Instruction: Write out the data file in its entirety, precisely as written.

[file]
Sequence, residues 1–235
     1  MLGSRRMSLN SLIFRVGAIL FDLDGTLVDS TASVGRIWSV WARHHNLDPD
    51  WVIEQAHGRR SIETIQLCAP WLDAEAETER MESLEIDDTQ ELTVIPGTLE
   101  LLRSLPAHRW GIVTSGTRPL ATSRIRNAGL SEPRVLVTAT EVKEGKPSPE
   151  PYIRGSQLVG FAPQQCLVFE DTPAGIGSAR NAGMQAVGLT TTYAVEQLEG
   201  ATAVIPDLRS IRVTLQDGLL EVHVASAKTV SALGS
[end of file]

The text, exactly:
Sequence, residues 1–235
     1  MLGSRRMSLN SLIFRVGAIL FDLDGTLVDS TASVGRIWSV WARHHNLDPD
    51  WVIEQAHGRR SIETIQLCAP WLDAEAETER MESLEIDDTQ ELTVIPGTLE
   101  LLRSLPAHRW GIVTSGTRPL ATSRIRNAGL SEPRVLVTAT EVKEGKPSPE
   151  PYIRGSQLVG FAPQQCLVFE DTPAGIGSAR NAGMQAVGLT TTYAVEQLEG
   201  ATAVIPDLRS IRVTLQDGLL EVHVASAKTV SALGS